Dandy Warhols @ Doug Fir
Joined by 1776
(editor's note - Due to technical difficulties, this is a few days late, but still a great read about a PDX favorite)
Guitarist Pete Holmstrom of famed Portland 2000 veterans The Dandy Warhols will assure you his band is clear-cut rock ‘n’ roll.
“We’re a straight-up rock band that pulls out the occasional weird little trick,” he said before their sold-out show at the Doug Fir Lounge last Saturday night. Five hours later, Holmstrom is gliding a violin bow across his guitar as bandmate Zia McCabe toots a melodica on the other side of the stage. At this point, it’s hard to figure out the Dandy Warhols’ definition of “straightforward.”
Holmstrom said there was nothing special planned for the night’s performance, the group’s first in Portland since their last round of local Christmas shows. However, the Dandies feel a fierce dedication to their hometown, where all members currently reside but drummer Brent DeBoer, who lives in Australia with his wife. Because of their devotion, set list writer McCabe “wanted this show to be extra special since day one,” Holmstrom said.
The evening was full of surprises, as the beloved power poppers turned a number of their songs in a new direction. Dance anthems like “Everyday Should Be a Holiday” became stripped-down sing-a-longs, while singer Courtney Taylor-Taylor’s drumming added a dub influence to the hazy “You Come In Burned.” A two-hour set placed accessible hits next to reverb-drenched psychedelia, paired with frenetic lights and thick smoke that could even be found in the bathrooms.
The evening was opened with Longview, Washington band 1776, a scruffy quartet playing rock as deeply American as their namesake. Various bits of 21st century classics were littered throughout their music, with influences as soft as ‘50s doo-wop and as unapologetically rough as ‘70s heavy metal. 1776’s testosterone-steeped garage rock differentiated them from the headliners, but a clear connection was heard in harmonies that recalled Taylor-Taylor’s vocal layering.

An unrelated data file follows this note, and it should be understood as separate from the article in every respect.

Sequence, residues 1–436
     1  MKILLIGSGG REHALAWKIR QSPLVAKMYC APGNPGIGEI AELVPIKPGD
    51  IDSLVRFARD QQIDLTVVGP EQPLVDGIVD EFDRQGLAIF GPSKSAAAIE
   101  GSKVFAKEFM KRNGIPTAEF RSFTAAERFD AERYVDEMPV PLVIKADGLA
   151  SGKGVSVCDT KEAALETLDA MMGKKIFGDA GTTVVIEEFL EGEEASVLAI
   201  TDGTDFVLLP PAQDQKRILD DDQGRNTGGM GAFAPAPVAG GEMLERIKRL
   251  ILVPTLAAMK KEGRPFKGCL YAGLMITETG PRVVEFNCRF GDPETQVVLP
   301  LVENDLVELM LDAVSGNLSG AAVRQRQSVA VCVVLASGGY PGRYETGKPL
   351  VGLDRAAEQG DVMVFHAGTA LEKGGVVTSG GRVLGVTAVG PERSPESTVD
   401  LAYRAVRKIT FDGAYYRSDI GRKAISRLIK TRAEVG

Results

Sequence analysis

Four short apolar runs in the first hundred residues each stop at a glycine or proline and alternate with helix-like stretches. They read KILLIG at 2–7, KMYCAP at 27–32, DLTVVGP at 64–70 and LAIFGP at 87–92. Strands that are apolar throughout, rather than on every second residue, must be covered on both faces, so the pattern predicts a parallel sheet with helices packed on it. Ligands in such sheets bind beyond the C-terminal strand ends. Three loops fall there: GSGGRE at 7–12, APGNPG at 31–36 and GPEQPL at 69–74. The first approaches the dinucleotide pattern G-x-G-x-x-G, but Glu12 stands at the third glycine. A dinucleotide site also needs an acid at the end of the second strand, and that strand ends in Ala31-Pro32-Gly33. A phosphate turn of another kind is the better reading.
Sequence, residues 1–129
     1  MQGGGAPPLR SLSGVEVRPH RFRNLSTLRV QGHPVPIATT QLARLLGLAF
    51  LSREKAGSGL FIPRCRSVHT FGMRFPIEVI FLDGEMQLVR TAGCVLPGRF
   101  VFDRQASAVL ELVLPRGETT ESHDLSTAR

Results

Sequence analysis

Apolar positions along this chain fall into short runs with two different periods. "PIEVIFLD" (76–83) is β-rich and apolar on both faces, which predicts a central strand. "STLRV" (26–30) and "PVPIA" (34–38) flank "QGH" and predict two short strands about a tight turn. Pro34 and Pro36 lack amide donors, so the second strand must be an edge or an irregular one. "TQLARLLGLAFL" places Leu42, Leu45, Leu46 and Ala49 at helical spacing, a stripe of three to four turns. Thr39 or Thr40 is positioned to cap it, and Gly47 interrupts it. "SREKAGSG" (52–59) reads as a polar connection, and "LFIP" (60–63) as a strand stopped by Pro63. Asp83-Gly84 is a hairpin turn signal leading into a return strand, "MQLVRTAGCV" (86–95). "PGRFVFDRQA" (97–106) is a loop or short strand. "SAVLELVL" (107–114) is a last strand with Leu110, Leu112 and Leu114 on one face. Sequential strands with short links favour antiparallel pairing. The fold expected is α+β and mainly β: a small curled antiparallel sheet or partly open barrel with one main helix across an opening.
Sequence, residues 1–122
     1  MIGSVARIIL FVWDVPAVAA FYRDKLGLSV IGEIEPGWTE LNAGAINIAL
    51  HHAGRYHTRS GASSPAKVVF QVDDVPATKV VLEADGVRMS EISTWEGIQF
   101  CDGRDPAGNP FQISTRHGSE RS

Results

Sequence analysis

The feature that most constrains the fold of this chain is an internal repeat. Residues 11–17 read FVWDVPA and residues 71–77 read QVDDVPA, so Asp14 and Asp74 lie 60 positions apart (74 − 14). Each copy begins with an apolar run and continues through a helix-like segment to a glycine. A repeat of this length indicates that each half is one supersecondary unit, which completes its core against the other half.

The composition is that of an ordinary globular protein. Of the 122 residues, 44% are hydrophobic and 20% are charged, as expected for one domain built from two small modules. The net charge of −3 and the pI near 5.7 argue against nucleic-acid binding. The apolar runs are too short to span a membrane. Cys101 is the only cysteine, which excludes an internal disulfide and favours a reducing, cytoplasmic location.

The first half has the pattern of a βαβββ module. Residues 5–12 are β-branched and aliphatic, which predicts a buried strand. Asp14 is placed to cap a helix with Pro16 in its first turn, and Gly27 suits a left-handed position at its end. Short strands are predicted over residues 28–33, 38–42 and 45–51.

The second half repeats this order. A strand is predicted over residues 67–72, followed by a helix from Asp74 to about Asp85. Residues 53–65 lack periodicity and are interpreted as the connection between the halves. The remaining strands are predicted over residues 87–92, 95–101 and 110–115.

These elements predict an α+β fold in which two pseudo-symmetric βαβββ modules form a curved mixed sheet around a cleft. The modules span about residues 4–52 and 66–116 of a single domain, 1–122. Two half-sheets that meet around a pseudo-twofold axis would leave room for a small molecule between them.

While Doug Fir was loud and congested from the beginning of the show, the crowd grew in size and energy throughout the night, covering every inch of the notoriously small venue. Tension rose throughout the Dandies performance, which saw everything from minor scuffles in the front row to a pair of violently toppling druggies that were eventually escorted from the premises.
The Dandies became incredibly chatty with the crowd around the middle of the show, discussing everything from fake rivalries with Seattle to the naked bike ride earlier that afternoon. During a bathroom break, Taylor-Taylor gave spectators a chance to make requests and played a solo version of “Sleep.” The audience showed their appreciation by loudly singing alongside the band for the duration of the show.
After rolling through songs off albums including Come Down, Thirteen Tales from Urban Bohemia, and their recent release This Machine, the Dandies descended the stage and turned the lights on. The famously encore-shy group gave a ravenous crowd no chance to demand their return, and it was perhaps the only straightforward thing they did all night.
The Dandy Warhols are frequent contributors to the local music scene, and they’ll be playing a larger set of shows this Christmas. McCabe also performs a string of DJ sets around town as DJ Rescue, and she’ll be making her next appearance at Al’s Den on June 30.